Current Affairs

Gay playground jibe ends up in court

PinkNews Staff Writer March 1, 2007
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An American judge will have to balance Constitutional rights with the protection of gay kids at school in a lawsuit about the phrase “that’s so gay” that has come before the courts.

A Mormon high school student in the United States used the phrase, was given a warning for doing so by school authorities, and now her parents are suing.

They claim the word is youth slang meaning stupid, silly or dumb, and that their daughter was not protected from teasing about her Mormon faith.

The case raises wider issues about the use of the word gay in popular culture.

In the UK, BBC Radio DJ Chris Moyles caused outrage last year for using the word in its slang context on his radio show.

The high school at the centre of the American court case say that they have a zero tolerance policy to sexual orientation abuse after violent incidents against a gay pupil.

“The district has a statutory duty to protect gay students from harassment,” the district’s lawyers said in a legal brief, according to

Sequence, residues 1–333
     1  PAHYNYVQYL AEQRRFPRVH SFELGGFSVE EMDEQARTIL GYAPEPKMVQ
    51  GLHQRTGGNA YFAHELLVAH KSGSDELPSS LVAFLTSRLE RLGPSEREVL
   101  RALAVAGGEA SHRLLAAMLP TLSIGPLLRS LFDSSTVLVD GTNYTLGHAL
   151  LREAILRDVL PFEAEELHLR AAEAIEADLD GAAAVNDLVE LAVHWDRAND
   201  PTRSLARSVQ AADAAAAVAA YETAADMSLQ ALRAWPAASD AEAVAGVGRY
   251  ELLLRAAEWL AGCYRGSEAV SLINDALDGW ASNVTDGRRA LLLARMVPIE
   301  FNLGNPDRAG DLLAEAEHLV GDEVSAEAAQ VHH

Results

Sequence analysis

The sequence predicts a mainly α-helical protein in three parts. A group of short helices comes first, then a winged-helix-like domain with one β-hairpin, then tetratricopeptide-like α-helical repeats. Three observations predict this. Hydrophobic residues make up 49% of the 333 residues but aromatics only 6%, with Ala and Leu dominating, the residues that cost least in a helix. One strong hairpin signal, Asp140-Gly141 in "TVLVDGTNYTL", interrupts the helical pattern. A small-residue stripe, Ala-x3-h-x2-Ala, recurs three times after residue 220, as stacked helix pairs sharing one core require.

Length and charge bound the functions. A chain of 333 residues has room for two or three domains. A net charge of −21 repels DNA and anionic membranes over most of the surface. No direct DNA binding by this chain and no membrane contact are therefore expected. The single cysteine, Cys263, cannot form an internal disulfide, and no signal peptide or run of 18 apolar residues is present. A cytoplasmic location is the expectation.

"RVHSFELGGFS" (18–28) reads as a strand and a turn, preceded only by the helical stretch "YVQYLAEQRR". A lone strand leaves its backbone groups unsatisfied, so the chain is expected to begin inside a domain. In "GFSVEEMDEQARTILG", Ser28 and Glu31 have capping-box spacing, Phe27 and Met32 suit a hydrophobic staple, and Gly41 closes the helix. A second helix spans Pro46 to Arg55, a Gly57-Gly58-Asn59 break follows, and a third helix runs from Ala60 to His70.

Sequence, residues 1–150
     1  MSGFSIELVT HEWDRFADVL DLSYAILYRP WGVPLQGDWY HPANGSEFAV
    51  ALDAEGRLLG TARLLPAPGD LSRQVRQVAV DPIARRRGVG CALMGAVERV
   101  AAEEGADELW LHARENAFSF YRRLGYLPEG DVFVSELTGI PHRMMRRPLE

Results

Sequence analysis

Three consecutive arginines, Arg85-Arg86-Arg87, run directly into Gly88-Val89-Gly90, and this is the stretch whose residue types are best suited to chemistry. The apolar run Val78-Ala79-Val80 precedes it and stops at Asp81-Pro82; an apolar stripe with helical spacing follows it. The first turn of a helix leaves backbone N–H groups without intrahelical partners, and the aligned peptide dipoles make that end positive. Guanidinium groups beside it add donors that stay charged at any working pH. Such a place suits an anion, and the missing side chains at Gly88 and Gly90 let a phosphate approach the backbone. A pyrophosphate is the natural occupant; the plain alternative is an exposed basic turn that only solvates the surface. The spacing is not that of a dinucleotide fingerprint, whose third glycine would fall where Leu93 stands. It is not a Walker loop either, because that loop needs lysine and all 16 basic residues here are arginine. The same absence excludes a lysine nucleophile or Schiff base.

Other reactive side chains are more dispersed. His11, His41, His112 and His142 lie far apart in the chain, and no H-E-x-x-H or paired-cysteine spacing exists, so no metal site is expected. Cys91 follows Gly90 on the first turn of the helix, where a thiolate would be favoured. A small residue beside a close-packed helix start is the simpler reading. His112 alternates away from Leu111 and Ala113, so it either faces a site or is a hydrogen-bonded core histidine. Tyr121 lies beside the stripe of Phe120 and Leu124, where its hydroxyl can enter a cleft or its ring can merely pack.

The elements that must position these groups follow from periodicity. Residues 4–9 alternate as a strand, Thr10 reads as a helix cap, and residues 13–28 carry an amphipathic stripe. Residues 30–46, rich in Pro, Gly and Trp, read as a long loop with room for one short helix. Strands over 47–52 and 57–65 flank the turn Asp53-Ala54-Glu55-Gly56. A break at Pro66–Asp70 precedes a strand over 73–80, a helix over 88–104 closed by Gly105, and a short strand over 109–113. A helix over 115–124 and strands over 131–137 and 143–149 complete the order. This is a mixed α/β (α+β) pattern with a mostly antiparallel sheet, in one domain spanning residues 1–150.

“In furtherance of this goal, prohibition of the phrase ‘That’s so gay’ . . . was a reasonable regulation.”

The pupil at the centre of the case, Rebekah Rice, testified last week that she only used the word to deflect rude comments about her religion and only meant it in the slang sense. Her parents claim she has a right under the First Amendment of the US Constitution to free speech.

Superior Court Judge Elaine Rushing of California will take written submissions from both sides in April.

In the UK, research by the National Union of Teachers last year revealed that the vast majority of their members hear the word gay used pejoratively on a regular basis.

Many felt that sexist and homophobic language was institutionally tolerated.

The NUT’s “snap survey” found that nearly one in five primary teachers and two-thirds of secondary teachers have been subjected to sexually abusive language by pupils.

Almost 75% of secondary teachers and 30% of primary teachers have encountered such language being used by pupils against each other.

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